Global stocks, government bonds and oil prices rose on Thursday in response to a flurry of emergency packages from central banks intended to buffer economies and financial markets from the conoravirus pandemic.
The European Central Bank, the US Federal Reserve and the Bank of England all intervened after investors around the world sold what they could this week to raise cash, sending stocks lower, interest rates higher and pumping up the US dollar.
The result on Thursday was relative stability, with stocks rallying, government bond yields coming down, oil spiking from the lowest levels in at least 17 years and sterling trading relatively flat after a stomach-churning 4 per cent drop on Wednesday.
“Clearly markets have been soothed today by central banks bending over backwards to show they are willing to do anything to support markets and the economy,” said Kristina Hooper, chief global market strategist at Invesco. “And I don’t believe they are done. But markets will be looking to policymakers to ensure adequate fiscal stimulus is provided as well.”
The US equity benchmark S&P 500 ended up about half of 1 per cent in volatile trading after falling 3 per cent when markets opened, while the Europe-wide Stoxx 600 composite gained 2.9 per cent. London’s FTSE 100 was 1.4 per cent higher after falling nearly 2 per cent earlier in the day.
The US oil benchmark West Texas Intermediate crude rose 25 per cent to $25.34 a barrel, the biggest one-day gain on record. Brent, the international benchmark, gained 12 per cent to $28.22 barrel.
The ECB kicked off the policy action on Wednesday night, announcing a plan to buy €750bn in bonds. The Fed followed on Thursday by broadening dollar swap lines to ease a shortage of dollars overseas, and supporting market funds that are important buyers of commercial paper issued by corporations for working capital.
Finally, the BofE cut interest rates to 0.1 per cent and expanded its quantitative easing programme by £200bn to £645bn
“Financial conditions have [been] significantly tightened by corporate credit spreads and volatility going up — that’s why you have these aggressive actions from central banks around the world,” said Bill Campbell, co-portfolio manager of the DoubleLine Global Bond Fund. “They are trying to keep markets stable and borrowing costs low for corporations and citizens.”
As governments increase spending to help blunt the economic impact from the coronavirus, they will have to issue more government bonds to pay for this stimulus. The glut of debt threatens to raise borrowing costs, and government bond yields had jumped in recent days as investors prepared for a potential tidal wave of borrowing.
“All of the major central banks are getting ahead of rising yields, including increasing their QE (Quantitative Easing) programs, and doing whatever it takes with their bold actions to keep these rates down, as to keep corporations and consumers as liquid as possible,” Mr Campbell said.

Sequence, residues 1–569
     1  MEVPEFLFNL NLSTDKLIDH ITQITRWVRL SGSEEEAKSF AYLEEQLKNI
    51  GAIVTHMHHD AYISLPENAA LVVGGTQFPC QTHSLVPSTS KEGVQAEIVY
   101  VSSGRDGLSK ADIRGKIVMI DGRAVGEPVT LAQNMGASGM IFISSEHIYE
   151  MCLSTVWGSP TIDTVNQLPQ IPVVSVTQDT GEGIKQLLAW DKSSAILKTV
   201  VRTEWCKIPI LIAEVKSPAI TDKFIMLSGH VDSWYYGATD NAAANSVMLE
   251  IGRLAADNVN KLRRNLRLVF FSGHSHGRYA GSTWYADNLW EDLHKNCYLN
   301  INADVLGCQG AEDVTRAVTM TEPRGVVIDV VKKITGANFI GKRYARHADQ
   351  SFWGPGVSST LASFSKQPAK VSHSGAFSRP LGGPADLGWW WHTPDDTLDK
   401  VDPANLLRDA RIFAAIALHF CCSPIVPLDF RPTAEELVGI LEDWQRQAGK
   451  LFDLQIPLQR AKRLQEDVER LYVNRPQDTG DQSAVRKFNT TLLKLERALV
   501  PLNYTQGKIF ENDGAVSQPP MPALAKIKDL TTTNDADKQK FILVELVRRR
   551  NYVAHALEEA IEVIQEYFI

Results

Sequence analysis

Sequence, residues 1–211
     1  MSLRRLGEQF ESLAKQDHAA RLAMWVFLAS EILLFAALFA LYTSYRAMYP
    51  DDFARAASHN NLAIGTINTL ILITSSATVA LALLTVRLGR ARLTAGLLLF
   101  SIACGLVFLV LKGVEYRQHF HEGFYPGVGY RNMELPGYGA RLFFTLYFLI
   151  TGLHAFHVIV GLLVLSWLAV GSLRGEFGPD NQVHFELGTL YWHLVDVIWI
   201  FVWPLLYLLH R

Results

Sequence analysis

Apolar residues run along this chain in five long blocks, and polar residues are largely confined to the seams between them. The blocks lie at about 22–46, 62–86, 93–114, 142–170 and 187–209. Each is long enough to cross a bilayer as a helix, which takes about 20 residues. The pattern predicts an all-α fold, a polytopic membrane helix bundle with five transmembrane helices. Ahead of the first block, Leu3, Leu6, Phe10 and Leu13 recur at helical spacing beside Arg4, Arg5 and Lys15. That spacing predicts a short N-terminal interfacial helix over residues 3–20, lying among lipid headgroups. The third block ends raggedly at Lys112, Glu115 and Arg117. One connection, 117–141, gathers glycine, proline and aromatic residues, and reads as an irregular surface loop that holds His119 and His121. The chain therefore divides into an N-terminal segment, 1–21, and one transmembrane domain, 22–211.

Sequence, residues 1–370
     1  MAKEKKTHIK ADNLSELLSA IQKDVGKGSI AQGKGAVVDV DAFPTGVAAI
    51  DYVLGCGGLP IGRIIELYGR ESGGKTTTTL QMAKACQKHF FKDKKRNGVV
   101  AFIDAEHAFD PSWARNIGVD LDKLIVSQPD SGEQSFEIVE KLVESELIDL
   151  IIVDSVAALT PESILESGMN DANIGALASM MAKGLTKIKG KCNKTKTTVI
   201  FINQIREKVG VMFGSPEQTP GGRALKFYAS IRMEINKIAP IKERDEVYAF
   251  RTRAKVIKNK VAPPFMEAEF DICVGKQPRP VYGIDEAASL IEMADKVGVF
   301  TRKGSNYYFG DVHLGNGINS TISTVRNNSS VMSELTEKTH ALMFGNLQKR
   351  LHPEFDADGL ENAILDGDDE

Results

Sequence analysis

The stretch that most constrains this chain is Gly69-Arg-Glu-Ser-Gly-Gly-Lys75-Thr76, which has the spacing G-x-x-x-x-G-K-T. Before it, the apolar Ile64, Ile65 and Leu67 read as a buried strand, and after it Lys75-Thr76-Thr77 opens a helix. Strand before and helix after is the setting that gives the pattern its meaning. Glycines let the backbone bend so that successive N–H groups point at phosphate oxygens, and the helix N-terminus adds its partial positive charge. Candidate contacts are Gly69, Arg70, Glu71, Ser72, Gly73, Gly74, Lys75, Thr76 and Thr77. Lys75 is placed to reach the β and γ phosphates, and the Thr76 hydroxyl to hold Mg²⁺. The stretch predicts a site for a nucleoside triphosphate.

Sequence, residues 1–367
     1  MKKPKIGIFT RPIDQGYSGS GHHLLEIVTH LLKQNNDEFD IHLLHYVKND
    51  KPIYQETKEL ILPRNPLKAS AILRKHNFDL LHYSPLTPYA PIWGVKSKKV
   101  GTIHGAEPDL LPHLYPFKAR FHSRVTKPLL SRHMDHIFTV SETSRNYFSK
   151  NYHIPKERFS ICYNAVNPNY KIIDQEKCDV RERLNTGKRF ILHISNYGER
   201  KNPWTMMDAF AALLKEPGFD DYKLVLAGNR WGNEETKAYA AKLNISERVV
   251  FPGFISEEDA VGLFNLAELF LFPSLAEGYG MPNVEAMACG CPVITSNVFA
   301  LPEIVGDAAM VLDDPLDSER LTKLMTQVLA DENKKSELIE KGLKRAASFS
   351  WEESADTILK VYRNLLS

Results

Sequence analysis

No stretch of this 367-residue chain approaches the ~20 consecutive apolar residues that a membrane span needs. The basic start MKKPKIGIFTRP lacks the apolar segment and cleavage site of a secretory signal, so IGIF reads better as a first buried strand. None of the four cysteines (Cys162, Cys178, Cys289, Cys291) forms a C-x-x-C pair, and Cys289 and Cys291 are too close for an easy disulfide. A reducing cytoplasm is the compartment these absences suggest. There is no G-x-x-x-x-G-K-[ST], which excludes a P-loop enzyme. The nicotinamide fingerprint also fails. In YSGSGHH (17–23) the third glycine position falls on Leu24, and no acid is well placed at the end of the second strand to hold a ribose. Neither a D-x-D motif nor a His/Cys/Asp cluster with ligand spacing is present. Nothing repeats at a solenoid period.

Italian and Spanish debt soared in price following the ECB’s move, sending yields sharply lower. The rally in Italy’s debt was particularly vigorous, sending the 10-year BTP yield tumbling 0.46 percentage points to 1.84 per cent. That left the debt on track for its biggest daily rally in nine years.
US Treasuries were also in demand and the yield on the 10-year note dropped almost 19 basis points at one point before trimming some of that move to be down 7bp at 1.19 per cent.
Marco Wagner, economist at Commerzbank, said the ECB had unpacked a “new bazooka” in its fight to prop up the euro area. “This will help the bonds of highly indebted countries,” he said.
Sterling stabilised on the BofE news to trade flat around $1.16, after having tumbled 4 per cent on Wednesday amid the broader scramble for dollars and questions over the health of the UK economy as London prepares for lockdown.
The pound has lost more than 12 per cent of its value against the dollar in less than a month, falling to its lowest levels since the 1980s.
The broader rush into the US dollar continued on Thursday. The dollar index, which measures the world’s reserve currency against a basket of peers, jumped as much as 1.5 per cent and was trading at its highest levels in three years.
Zach Pandl, currency analyst at Goldman Sachs, said the dollar’s rise “reflects the unique role the currency plays in the global economy and financial system, rather than a view among investors that the US economy is better placed to weather the coronavirus shock”.
Concerns about the dollar squeeze have grown as the pandemic piles pressure on corporate balance sheets.
Mansoor Mohi-uddin, a currency analyst at NatWest Markets, said the economic stress from the squeeze was spreading. The virus had exposed the risks created by a more than doubling in dollar-denominated corporate debt to $12tn since the 2008 global financial crisis, he said.
“That is a huge amount of dollar debt that companies need to fund. The banks are also struggling to find dollars in the wholesale market.”
Gold, a supposed haven asset in times of stress, was under pressure, reaching a three-and-half-month low of $1,473 a troy ounce as investors continued to liquidate positions.
South Korea’s finance ministry on Thursday announced it would create funds to stabilise bond and stock markets after the Kospi index plunged more than 8 per cent, triggering a temporary trading halt. Hong Kong’s Hang Seng fell 2.6 per cent and Australia’s S&P/ASX 200 closed 3.4 per cent lower.
In Japan, the Topix index closed 1 per cent higher on reports that the government was preparing a stimulus package worth ¥30tn.
Additional reporting by David Sheppard and Neil Hume in London